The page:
Dylan Farrow has penned an open letter detailing the sexual abuse she allegedly suffered as a young girl at the hands of her adoptive father, Woody Allen.
Writing on Nicholas Kristof's New York Times blog, Farrow notes, "When I was seven years old, Woody Allen took me by the hand and led me into a dim, closet-like attic on the second floor of our house. He told me to lay on my stomach and play with my brother's electric train set. Then he sexually assaulted me."
A rep for Allen told TVGuide.com: "Mr. Allen has read the article and found it untrue and disgraceful. He will be responding very soon."
Farrow's brother, Ronan, revisited the allegations against Allen when the director was given a lifetime achievement award at the Golden Globes last month. "Missed the Woody Allen tribute - did they put the part where a woman publicly confirmed he molested her at age 7 before or after Annie Hall?" he tweeted.
Dylan Farrow alleges that Allen abused her throughout her childhood. "He would take me away from my mom, siblings and friends to be alone with him," she writes. "I didn't like it when he would stick his thumb in my mouth. I didn't like it when I had to get in bed with him under the sheets when he was in his underwear. I didn't like it when he would place his head in my naked lap and breathe in and breathe out. I would hide under beds or lock myself in the bathroom to avoid these encounters, but he always found me. ... I thought this was how fathers doted on their daughters. But what he did to me in the attic felt different. I couldn't keep the secret anymore."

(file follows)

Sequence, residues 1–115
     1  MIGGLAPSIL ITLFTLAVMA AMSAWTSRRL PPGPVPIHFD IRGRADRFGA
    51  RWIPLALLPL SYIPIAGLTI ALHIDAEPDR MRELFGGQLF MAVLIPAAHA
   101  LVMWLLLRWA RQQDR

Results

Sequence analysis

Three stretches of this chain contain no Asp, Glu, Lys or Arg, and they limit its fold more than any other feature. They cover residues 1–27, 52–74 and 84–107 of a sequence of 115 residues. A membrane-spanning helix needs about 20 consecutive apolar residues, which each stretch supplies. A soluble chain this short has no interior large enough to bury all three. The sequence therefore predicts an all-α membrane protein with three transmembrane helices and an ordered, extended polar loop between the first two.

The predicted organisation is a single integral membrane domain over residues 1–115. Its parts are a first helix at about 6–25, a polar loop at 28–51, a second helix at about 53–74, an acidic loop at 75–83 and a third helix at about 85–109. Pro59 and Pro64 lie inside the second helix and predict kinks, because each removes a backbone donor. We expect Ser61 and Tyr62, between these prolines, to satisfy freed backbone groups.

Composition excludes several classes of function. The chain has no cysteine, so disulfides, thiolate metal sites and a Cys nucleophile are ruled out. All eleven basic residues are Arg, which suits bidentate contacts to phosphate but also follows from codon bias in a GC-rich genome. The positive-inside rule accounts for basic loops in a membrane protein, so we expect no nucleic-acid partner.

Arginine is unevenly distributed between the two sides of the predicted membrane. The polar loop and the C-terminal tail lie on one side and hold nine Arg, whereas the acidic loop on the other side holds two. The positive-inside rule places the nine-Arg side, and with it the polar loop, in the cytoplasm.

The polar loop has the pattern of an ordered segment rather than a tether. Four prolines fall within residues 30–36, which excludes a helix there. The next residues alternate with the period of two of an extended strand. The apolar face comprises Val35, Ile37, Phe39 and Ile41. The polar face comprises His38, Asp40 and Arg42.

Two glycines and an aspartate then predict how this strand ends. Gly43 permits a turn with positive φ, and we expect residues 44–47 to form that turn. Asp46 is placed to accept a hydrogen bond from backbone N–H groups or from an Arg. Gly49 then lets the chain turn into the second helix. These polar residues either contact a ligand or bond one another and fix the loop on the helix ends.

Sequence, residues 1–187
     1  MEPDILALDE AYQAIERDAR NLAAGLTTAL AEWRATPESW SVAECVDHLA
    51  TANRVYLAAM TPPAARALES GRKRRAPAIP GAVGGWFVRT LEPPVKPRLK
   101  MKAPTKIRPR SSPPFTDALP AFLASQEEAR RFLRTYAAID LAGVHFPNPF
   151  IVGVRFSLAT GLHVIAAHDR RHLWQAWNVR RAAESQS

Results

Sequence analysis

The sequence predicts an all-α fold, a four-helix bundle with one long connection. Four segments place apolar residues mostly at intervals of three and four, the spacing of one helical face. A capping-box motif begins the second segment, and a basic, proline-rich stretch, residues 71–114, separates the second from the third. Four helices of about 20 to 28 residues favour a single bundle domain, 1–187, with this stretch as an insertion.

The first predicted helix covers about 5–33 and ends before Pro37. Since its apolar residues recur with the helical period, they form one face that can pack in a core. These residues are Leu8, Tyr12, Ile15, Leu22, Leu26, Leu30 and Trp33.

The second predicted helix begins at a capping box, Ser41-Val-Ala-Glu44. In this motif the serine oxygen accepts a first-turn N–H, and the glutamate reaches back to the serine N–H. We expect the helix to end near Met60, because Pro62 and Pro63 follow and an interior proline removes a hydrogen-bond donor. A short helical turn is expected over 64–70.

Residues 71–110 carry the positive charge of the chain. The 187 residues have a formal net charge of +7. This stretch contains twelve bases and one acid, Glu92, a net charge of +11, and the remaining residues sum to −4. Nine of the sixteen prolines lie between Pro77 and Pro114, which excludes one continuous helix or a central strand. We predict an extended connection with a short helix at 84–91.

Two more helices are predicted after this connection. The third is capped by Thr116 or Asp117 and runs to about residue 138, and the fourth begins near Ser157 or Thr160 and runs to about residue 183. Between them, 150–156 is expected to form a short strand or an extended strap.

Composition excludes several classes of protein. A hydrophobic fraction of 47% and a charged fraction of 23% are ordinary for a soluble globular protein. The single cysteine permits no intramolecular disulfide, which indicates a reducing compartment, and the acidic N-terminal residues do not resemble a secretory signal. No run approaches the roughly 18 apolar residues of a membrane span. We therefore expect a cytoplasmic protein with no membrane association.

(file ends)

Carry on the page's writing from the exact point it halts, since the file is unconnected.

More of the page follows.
These accusations of abuse first surfaced in 1992, when Allen and actress and Dylan's mother Mia Farrow split up. Allen was never prosecuted and has consistently denied the allegations.
Farrow also says that her mother had no idea the abuse was happening until Dylan asked her mother if her father had done similar things. "He talked to me while he did it, whispering that I was a good girl, that this was our secret, promising that we'd go to Paris and I'd be a star in his movies," she writes. "These things happened so often, so routinely, so skillfully hidden from a mother that would have protected me had she known, that I thought it was normal."
Now happily married, Farrow says she struggled with guilt and mistrust issues, an eating disorder, and cutting herself as a result of the abuse. "That torment was made worse by Hollywood," she writes. "Actors praised him at awards shows. Networks put him on TV. Critics put him in magazines. Each time I saw my abuser's face — on a poster, on a t-shirt, on television — I could only hide my panic until I found a place to be alone and fall apart. ... For so long, Woody Allen's acceptance silenced me. It felt like a personal rebuke, like the awards and accolades were a way to tell me to shut up and go away."
Farrow ends the letter by directly addressing actors and actresses who have praised Allen over the years, including Diane Keaton, Cate Blanchett, Alec Baldwin and Scarlett Johansson. "Imagine your seven-year-old daughter being led into an attic by Woody Allen," Farrow writes. "Imagine she spends a lifetime stricken with nausea at the mention of his name. Imagine a world that celebrates her tormenter. Are you imagining that? Now, what's your favorite Woody Allen movie?"
Read Farrow's full letter here. What do you think of her comments?